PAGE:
“Life,” a wise woman once said to me, “is a matter of contrasts”. Too true. We don’t appreciate silence if we haven’t experienced noise, we don’t enjoy a drink if we haven’t gone thirsty, and we don’t appreciate the outdoors if we haven’t been stuck inside for days and days and days and days. Ever wonder why the Boxing Day and New Year’s Day sales are such a time-honoured tradition? It’s because people have been lodged in the bosom of their family like a bullet lodged in a lung for what seems like six months; when an excuse presents itself to get out and see other people, a world beyond the suffocating perimeters of the family home, most of us are away like a newly-released wildebeeste.
Which is I’m sure part of the reason why I like going to Greencastle every St Stephen’s/Boxing Day. That’s Greencastle in Co Tyrone, about ten miles from Omagh. Every year for twenty-five years now, the day after Christmas has seen the gathering of hundreds of athletes to compete in the Greencastle 5-mile Run. Did I say athletes? Some are, like the guy I met in the queue for tea and sandwiches and buns after the main event. “I feel like drinking 100 pints the night” he said. “Or maybe 120”. Not only had he starved himself of any alcohol on Christmas Day, he’d been off the sauce for some six weeks as he trained. That was why he clocked a time of around 30 minutes for the race. Quite right - that is a mile every six minutes. A heart-stopping pace. At the other end of the spectrum you’ll get youngsters from ten upwards, or oldies like myself from 65 upwards. (Make a note of that ’65 upwards’ phrase. I’ll be coming back to it.)
So yes it is partly a matter of contrasts: sleet stung our eyes and the wind whipped through our souls as we headed into exposed countryside. There was snow in the fields for miles around, and on the slushy road the slap of rubber soles, grunts of exertion, gasps of near-despair as mile followed weary mile and we hit that fearsome section three-quarters way home where the road suddenly ascends what feels like vertically and you think your heart is going to burst in your chest and come flying out like shrapnel, spraying fellow-competitors, if you don't stop this punishment very very soon.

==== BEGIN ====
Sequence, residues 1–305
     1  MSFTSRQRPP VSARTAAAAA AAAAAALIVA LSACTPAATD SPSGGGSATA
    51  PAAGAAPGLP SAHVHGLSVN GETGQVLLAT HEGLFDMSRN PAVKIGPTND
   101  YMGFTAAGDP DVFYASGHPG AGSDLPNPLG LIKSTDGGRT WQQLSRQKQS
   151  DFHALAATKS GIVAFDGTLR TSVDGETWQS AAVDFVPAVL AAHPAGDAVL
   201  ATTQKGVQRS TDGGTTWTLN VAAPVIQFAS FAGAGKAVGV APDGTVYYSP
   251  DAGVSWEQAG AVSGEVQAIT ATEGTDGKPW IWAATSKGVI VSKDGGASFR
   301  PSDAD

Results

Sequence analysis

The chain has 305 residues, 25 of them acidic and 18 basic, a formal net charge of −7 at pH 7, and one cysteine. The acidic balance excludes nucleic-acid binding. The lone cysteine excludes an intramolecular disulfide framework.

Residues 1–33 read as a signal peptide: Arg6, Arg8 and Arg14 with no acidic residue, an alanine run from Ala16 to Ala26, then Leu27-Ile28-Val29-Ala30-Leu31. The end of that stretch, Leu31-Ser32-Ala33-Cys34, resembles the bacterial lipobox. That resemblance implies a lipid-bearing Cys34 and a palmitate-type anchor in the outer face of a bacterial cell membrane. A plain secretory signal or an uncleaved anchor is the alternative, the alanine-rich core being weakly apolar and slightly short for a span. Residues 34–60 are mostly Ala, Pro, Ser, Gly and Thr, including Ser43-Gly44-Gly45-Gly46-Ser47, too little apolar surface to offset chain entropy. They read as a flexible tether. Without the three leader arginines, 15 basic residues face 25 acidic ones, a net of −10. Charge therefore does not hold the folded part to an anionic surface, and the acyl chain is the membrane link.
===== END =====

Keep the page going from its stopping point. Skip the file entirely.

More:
But then suddenly you’re going down the long slope towards the finishing line, then you’ve hit the damp mat and are standing half-bent, hands on knees, wheezing like a whale, and local volunteers are pressing bananas and bottles of water and clipping the little run-timer chip from your shoe and you’re out of the cooooold and into the warmth of the hall and wolfing down sandwiches and buns and cake and tea and the happy atmosphere of a community that knows its own identity, its own strength, and has for twenty-five years delivered this radical seasonal tonic for hundreds of people. On the drive home with my dearest daughter I’m weary and heavy-eyed and spent but once more grateful to Greencastle and run organiser Oliver McCullagh. On a wind and snow-daubed hill-side they’ve worked their annual magic again.
That ‘over 65’ phrase? Well you see in the prizes there's this Men’s 65 + category... (Blushes modestly and stumbles off-stage, carrying a rather stylish Nike running top.)